Bandit’s Roost, located in the notorious Mulberry Bend fifty-seven years after “Petition to Have the Five Points Opened,” in 1831. Picture by Jacob Riis, 1888.
How the Other Half Lived
Round Mulberry Bend …
In the old-timey days of New York’s Lower-East Side ‘down near what is now Federal Plaza, Mulberry Street used to bend leading you directly into the depths of the Five Points. Well-to-do city folk considered “the bend” to be the cut off, or point of no return as it were since beyond that elbow in the street a man might expect to lose much more than a pitiful rookerful of change.
During the mid-to-late 1800s, New York City was rocked by an epidemic of gang violence. Crime was especially rampant in Manhattan neighbourhoods like Five Points, Hell’s Kitchen, the Fourth Ward and the Bowery, where back alleys and tenements became infested with thieves, hustlers and street thugs. These groups trafficked in everything from robbery and prostitution to murder, and their names could strike fear into the hearts of even the most crime-hardened city dwellers. From river pirates to knife-wielding adolescents, get the facts on seven of 19th century New York’s most notorious street gangs.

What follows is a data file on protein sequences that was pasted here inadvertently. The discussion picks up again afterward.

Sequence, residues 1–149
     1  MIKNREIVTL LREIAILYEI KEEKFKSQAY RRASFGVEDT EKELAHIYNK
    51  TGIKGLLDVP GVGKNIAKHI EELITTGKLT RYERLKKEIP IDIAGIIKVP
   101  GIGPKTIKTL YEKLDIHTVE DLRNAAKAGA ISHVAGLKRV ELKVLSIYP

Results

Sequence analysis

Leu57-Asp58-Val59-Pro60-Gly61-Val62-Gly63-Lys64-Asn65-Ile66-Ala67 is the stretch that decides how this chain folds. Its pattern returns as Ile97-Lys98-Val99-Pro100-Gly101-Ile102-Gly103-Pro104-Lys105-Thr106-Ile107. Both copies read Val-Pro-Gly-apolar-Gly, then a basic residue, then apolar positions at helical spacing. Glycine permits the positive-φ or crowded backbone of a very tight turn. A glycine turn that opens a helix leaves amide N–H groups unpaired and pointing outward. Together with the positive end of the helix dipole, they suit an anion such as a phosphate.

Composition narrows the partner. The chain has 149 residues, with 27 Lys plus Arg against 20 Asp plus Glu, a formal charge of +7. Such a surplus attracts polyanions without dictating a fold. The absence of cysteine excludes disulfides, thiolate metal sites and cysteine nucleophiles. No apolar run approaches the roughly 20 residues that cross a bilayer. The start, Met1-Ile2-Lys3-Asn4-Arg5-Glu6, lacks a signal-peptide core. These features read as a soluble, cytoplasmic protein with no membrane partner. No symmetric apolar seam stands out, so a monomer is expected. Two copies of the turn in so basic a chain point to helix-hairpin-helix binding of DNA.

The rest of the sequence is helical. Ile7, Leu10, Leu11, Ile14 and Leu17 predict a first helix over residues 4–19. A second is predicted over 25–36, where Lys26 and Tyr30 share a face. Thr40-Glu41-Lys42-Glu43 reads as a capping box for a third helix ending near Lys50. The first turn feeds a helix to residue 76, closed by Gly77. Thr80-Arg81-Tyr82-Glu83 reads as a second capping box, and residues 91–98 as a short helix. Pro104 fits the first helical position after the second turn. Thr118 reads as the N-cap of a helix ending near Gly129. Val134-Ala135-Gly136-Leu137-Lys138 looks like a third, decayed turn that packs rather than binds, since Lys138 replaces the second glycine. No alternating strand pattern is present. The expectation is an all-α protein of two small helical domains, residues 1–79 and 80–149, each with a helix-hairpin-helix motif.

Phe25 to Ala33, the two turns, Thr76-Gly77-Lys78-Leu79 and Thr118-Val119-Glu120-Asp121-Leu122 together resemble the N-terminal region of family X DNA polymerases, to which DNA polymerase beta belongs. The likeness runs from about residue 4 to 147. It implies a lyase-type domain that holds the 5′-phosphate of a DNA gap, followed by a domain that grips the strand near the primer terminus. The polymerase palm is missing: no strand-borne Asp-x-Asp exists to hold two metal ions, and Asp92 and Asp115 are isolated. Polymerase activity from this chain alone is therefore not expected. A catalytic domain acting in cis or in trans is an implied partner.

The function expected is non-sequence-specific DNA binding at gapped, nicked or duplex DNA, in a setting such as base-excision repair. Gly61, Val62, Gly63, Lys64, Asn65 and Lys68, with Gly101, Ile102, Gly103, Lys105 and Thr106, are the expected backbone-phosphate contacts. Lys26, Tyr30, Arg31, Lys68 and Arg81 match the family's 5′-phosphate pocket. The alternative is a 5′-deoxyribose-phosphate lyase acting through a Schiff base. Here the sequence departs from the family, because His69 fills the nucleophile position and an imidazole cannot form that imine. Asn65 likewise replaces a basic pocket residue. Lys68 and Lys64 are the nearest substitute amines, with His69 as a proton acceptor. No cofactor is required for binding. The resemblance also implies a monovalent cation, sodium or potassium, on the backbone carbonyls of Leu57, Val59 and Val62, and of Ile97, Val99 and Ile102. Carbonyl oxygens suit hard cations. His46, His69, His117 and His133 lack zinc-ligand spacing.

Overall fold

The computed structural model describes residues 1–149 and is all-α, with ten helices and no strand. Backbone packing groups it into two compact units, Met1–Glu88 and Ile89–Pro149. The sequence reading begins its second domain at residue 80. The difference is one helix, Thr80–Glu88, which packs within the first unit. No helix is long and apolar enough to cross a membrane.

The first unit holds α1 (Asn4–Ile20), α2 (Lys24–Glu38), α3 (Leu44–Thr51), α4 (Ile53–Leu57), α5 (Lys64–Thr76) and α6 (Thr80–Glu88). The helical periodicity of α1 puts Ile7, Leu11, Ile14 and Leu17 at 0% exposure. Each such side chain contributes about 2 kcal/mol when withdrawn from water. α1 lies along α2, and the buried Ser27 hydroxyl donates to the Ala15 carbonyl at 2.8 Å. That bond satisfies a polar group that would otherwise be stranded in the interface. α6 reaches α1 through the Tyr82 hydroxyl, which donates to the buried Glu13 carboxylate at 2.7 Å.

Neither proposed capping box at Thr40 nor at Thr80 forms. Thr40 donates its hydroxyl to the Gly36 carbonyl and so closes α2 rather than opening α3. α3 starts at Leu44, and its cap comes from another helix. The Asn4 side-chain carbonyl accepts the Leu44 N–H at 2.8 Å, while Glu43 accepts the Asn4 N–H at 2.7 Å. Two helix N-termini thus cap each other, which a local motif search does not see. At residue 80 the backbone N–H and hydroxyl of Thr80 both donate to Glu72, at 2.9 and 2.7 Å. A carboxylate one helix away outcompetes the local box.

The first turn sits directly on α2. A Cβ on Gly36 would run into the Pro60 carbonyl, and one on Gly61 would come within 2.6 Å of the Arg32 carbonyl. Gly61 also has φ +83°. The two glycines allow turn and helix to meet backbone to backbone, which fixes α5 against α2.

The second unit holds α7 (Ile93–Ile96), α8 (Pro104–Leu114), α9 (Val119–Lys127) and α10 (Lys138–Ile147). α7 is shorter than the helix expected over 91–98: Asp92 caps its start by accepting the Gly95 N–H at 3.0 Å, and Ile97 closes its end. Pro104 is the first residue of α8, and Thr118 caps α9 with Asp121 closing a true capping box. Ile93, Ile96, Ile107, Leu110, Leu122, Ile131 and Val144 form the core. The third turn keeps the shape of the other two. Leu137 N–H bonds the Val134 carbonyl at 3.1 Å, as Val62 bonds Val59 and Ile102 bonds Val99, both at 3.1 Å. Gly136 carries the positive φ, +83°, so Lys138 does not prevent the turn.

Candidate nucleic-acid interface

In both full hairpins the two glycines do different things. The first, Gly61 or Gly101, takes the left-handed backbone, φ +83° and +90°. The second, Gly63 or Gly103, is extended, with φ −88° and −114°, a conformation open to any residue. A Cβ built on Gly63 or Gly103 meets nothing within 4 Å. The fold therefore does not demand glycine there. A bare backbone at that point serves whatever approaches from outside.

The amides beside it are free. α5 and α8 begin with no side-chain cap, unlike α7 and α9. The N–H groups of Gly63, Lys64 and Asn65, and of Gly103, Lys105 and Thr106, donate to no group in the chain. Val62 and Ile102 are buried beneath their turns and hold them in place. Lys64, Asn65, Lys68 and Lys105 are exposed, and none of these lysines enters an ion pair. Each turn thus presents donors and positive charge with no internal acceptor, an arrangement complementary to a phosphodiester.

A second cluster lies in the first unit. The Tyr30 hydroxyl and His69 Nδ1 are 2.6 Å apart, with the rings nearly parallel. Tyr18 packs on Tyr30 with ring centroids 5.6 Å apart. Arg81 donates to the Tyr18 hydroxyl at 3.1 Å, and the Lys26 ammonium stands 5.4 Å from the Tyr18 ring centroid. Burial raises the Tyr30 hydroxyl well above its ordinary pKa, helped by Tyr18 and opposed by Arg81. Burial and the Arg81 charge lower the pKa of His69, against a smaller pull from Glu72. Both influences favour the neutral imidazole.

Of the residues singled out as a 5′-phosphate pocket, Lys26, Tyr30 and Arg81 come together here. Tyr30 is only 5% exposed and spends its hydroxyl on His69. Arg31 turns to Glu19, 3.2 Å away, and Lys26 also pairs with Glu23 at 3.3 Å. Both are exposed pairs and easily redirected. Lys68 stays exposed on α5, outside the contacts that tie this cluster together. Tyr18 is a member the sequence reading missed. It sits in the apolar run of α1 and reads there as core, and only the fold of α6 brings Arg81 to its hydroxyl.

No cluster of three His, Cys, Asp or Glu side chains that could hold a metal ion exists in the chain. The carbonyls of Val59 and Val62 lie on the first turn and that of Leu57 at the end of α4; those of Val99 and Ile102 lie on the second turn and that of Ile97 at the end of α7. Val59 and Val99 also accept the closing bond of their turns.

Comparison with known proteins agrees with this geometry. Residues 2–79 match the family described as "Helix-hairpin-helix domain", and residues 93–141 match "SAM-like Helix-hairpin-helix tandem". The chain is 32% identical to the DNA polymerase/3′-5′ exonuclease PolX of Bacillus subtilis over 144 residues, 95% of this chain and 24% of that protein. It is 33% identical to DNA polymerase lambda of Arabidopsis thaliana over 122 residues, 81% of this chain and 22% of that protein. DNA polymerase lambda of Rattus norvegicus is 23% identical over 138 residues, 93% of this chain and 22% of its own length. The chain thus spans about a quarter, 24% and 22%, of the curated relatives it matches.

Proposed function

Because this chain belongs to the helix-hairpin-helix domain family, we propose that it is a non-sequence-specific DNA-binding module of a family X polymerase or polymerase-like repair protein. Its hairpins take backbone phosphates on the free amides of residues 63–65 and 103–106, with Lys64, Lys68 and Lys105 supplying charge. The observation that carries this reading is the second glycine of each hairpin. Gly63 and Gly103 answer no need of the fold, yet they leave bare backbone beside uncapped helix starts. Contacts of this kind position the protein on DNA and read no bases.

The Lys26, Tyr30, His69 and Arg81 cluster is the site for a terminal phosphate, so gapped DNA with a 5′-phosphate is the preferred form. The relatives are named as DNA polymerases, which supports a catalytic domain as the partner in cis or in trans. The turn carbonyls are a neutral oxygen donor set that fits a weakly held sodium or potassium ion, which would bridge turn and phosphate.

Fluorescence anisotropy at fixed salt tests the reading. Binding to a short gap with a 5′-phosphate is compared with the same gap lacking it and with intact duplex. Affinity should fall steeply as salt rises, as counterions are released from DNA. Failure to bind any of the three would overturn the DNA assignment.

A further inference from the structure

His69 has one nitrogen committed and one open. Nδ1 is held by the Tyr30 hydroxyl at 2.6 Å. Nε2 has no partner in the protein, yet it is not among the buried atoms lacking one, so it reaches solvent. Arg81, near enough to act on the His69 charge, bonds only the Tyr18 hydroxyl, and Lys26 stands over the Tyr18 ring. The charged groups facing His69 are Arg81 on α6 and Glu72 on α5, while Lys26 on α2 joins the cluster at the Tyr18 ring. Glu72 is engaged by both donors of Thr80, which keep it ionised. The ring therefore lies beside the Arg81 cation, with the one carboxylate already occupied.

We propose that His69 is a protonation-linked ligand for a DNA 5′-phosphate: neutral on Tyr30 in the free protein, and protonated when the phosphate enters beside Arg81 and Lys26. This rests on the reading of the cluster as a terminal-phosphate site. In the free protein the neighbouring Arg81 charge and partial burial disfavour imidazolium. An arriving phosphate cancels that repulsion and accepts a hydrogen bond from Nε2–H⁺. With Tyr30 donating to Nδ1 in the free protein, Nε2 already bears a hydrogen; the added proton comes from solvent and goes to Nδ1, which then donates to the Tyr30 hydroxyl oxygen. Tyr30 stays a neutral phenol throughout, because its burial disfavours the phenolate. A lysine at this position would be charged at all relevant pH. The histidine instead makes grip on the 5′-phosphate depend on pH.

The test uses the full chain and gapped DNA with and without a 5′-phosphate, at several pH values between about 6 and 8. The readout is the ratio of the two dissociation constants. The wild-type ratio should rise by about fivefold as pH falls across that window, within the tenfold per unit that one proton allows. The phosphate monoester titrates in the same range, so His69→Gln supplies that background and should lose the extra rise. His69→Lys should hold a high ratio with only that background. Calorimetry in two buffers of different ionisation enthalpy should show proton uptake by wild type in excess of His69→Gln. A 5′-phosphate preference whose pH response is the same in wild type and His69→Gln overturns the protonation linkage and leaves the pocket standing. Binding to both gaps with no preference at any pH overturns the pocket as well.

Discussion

There was ‘an unparalleled era of wickedness” in the last 25 years of the 19th Century, as ragtag street gangs matured into organized criminal enterprises. One was based in the teeming Five Points neighbourhood on Mulberry Bend — the same area that later became the Mafia’s haunt on Mulberry Street.
At Five Points’ “height,” only certain areas of London’s East End vied with it in the western world for sheer population density, disease, infant and child mortality, unemployment, prostitution, violent crime, and other classic ills of the urban destitute.
Five Points is alleged to have sustained the highest murder rate of any slum in the world. According to an old New York urban legend, the Old Brewery, an overcrowded tenement on Cross Street housing 1,000 poor, is said to have had a murder a night for 15 years, until its demolition in 1852.
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